• Right, that's why your opinions ain't matter

        @OS Reload The whole idea that someone verifies a software for you is a joke. How to do that? You are gonna sit there reading through a million lines of code of a software to figure out what's going on? That's absolutely impossible, and anyone ever did any serious coding knows it.
      • It's not necessary to check each line... but the pieces...

        Create a specialized environment - double OS: <br><br>1. the host OS in an <b>un-modified</b> mode,<br> and <br>2. the targeted OS, which is evaluated by the host OS (it's not that simple, but this is just a clue).<br><br>The system checks what the client does to the targeted OS by comparing with what should be in the norm. <br><br>It will reveal malicious pieces in the code (if the code is Open Source).
        Just True
    • RE: Ubuntu's two big advantages over Windows and Mac


      What would you say any normal user need that is NOT in the repository ?
      • How about one from the blog:

        @BrentRBrian: "This means that the Ubuntu main repository doesnt always have the very latest version of Firefox..."
      • RE: Ubuntu's two big advantages over Windows and Mac


        I agree with you totally, how many packages does the above average user really need. For Ha-Ha's I opened up synaptic packager in U-10.04 and it lists 30,100 packages and I'm using 1,648 so it only leave me 28,452 packages left to play around with. That should take me a few days. :-)
        Over and Out
      • RE: Ubuntu's two big advantages over Windows and Mac

        @BrentRBrian It doesn't always even matter whether or not it is in the official repository. When I installed Chromium, it added its repository to the list, and now updates happen the same way.

        Be careful not to add untrusted sources, but they don't need to be the official ones.

        As for all of those complaining that Ubuntu doesn't fully check every application, where can I get anything even close for Windows? You download the Windows apps from hundreds of unrelated web sites, hoping each is trustworthy, and good luck find all of the updates.
    • Well said.

      @honeymonster: nt
    • RE: Ubuntu's two big advantages over Windows and Mac

      @honeymonster I don't believe he said Canonical made sure the applications are virus free. That's not what the article was focused on anyway. He said they make sure that they work with the current OS version and install smoothly. Yes the community or security researchers discover vulnerabilities in the software just like everywhere else. But that's where the difference comes in. People using Ubuntu will have the update pushed to them as soon as it'd ready. Do the users of the other OS have updates pushed to them? Do they even get notified that there's a problem if they aren't reading security sites or tech blogs? No they don't.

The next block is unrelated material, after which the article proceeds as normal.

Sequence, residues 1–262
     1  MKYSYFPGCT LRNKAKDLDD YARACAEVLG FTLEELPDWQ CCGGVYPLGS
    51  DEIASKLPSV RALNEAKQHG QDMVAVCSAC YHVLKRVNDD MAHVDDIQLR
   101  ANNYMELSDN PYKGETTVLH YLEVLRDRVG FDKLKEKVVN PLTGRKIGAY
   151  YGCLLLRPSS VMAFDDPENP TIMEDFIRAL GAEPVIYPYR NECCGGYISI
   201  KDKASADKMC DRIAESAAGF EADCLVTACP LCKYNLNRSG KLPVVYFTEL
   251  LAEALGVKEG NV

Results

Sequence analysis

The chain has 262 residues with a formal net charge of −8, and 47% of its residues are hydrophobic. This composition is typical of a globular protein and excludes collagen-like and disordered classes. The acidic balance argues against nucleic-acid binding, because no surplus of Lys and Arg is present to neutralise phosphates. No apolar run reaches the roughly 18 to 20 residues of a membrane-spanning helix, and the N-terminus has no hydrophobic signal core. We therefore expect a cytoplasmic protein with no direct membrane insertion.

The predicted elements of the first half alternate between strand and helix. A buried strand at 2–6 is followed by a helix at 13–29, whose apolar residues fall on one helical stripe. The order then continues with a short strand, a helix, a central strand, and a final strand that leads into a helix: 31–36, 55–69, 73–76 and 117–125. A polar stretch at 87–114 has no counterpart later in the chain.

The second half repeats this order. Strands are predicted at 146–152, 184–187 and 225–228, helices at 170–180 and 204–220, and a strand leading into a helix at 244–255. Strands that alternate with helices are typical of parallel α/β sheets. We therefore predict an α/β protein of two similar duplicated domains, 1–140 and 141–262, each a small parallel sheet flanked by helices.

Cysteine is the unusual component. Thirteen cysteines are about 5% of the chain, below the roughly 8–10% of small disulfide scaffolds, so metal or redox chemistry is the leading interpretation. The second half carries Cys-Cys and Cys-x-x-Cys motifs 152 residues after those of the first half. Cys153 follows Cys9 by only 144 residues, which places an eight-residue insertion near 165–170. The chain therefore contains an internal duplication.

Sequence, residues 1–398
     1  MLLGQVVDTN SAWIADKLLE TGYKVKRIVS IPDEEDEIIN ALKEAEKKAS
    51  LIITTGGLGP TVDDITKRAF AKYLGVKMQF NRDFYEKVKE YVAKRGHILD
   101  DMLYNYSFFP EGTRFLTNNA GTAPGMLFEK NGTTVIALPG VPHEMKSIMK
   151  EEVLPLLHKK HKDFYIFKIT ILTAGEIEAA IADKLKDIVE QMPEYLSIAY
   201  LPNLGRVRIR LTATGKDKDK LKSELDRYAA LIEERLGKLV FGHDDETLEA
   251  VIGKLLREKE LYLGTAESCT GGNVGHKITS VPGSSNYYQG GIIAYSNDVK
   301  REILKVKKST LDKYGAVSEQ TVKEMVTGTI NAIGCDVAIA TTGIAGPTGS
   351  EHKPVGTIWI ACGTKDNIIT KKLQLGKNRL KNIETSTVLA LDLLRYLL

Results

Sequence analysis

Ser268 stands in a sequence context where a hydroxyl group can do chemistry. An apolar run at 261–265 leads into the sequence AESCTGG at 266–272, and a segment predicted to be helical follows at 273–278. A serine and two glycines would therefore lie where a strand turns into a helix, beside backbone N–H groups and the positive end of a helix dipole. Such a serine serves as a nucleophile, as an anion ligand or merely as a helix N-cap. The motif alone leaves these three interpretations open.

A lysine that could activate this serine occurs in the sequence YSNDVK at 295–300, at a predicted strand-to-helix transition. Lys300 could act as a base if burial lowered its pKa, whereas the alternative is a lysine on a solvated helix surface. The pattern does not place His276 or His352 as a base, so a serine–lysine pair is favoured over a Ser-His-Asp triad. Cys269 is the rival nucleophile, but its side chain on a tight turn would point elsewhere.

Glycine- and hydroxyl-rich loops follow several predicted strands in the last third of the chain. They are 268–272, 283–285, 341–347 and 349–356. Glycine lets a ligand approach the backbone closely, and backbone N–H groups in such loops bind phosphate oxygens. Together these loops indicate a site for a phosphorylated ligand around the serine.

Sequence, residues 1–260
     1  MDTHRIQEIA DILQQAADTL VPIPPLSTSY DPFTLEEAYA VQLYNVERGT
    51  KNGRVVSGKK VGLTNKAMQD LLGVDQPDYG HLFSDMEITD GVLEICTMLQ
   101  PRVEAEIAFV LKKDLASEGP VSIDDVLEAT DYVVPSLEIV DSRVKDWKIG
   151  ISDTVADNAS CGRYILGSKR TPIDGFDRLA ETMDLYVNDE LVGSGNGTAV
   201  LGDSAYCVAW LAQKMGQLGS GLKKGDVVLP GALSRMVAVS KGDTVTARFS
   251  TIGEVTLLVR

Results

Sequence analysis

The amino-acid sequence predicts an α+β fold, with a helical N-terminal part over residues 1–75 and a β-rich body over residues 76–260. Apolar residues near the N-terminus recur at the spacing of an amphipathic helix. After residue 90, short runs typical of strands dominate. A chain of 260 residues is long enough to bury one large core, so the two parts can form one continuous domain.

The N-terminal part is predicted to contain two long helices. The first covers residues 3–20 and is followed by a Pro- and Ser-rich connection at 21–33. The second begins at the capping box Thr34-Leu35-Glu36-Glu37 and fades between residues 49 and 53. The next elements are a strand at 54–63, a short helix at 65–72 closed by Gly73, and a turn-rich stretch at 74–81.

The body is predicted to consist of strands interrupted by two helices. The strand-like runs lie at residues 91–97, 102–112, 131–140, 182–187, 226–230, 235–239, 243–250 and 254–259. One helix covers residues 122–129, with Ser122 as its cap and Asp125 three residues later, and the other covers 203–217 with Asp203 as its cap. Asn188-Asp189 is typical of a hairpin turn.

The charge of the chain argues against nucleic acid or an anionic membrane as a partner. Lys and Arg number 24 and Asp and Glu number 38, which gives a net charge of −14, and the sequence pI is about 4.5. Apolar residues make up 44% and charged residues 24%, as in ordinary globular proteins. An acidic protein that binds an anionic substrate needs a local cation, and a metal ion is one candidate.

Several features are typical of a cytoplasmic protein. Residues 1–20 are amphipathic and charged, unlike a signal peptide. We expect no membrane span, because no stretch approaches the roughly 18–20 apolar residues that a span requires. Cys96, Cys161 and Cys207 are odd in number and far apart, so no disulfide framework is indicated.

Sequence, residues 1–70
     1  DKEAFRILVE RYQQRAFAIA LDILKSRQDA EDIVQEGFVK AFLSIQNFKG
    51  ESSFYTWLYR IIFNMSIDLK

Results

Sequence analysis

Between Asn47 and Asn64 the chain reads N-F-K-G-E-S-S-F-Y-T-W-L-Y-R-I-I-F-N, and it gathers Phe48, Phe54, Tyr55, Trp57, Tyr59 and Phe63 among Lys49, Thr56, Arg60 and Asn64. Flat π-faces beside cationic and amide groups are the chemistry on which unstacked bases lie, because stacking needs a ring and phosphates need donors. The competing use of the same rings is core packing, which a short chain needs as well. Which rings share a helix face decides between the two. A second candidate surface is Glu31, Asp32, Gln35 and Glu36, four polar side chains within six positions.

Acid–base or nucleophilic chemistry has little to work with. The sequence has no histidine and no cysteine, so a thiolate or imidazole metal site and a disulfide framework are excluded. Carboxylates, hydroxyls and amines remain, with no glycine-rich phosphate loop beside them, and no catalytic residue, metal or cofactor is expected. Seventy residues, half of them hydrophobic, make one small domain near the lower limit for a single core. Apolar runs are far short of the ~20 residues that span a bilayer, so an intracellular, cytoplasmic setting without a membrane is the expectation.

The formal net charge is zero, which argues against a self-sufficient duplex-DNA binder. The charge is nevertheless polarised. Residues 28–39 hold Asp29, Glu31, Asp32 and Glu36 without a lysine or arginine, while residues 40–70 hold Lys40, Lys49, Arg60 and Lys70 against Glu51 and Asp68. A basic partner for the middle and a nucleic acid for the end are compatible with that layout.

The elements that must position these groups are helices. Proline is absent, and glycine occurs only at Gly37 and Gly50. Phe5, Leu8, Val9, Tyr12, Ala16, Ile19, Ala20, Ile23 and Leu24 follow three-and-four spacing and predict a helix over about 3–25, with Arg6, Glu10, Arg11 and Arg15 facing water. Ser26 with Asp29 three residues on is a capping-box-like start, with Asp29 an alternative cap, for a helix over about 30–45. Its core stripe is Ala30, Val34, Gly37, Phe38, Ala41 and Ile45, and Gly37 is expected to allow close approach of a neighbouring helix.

In your rush to blast the article you missed the entire point. It's at least better to be able to push out updates for vulnerable apps.
      • ignore

        deleted by author
    • RE: Ubuntu's two big advantages over Windows and Mac

      @honeymonster Did you actually read the article? Nothing you said was said in the article. The article said the software is check to be sure it works properly with the operating system and that the operating system through the repository keeps all your software up to date not just the operating system. Both are true and not what you talked about.
    • RE: Ubuntu's two big advantages over Windows and Mac


      Good points.
      Tim Acheson
    • RE: Ubuntu's two big advantages over Windows and Mac

      @honeymonster You don't understand Linux. At all.
      • Yes, but...

        I agree that probably most of us Windows-types don't "get" Linux. Might I offer this - why is that? Are we really so "hung up" on MS that we refuse to consider Linux? Or do we see things about Linux that we don't like and really can't be bothered exchanging a known set of problems for an unknown set? These are genuine questions, not bait.

        I am still considering having a play with Ubuntu - and may even get to it this week! To be fair, I have little problem with Windows - whether XP, Vista or 7 (I've just migrated my last XP machine across to a spare Vista Business license - but think I'll go thru to 7...). It is true that many PC "noobs" are shockers when it comes to maintaining their machines (regardless of type & flavour), but I put the blame for that squarely on the chain stores who market PC of all types (and let's face it, a Mac is still a Personal Computer) as an appliance.

        Is Linux REALLY ready for people who have trouble knowing what the left & right mouse buttons do? Is it REALLY "intuitive" in how it works, updates and such? How easy is it to "break"? Again, these are all genuine questions. If the answer to all those is in Linux's favour, what's the problem? My guess that part of the problem is fanboi-ism - the likes of Ubuntu needs to be "marketed" as a OS, not as a religion... ;)

        I'll be interested to see how my tinkering goes with Ubuntu (and speaking or marketing - PLEASE get better names! - the Linux ones are so naff and twee that it's embarrassing!) - the last quick foray into Linux 4 year's ago had me spending 30 minutes looking for how to change the screen resolution... :)
    • The lovely thing about the community weeding out

      malicious elements is that someone has to be affected by it first. Gotta love that security model.

      "Hey, when you get infected, let us know, OK?"
      • RE: Ubuntu's two big advantages over Windows and Mac

        It's worked pretty well since the mid-90s<br><br>Now let's compare that to the windoze security mode, shall we?<br><br> ;)
      • RE: Ubuntu's two big advantages over Windows and Mac

        @frgough you mean like every patch M$ puts out? the only reason they ever know about security hole is because its been compromised at some point
      • @LTV10

        Sure. When you grow up enough to quit using juvenile epithets like windoze.
      • @nick

        factually incorrect. Numerous Windows exploits have been discovered by security firms or private individuals before a public exploit occurred. According to the Linux advocates, the one true way to ensure security is for someone in the community to get hacked and let everyone else know about it. That probably works just fine when the community consists of programmers and hobbyists. It won't fly in the mainstream. If Linux wants to play with the big boys, it has to grow up.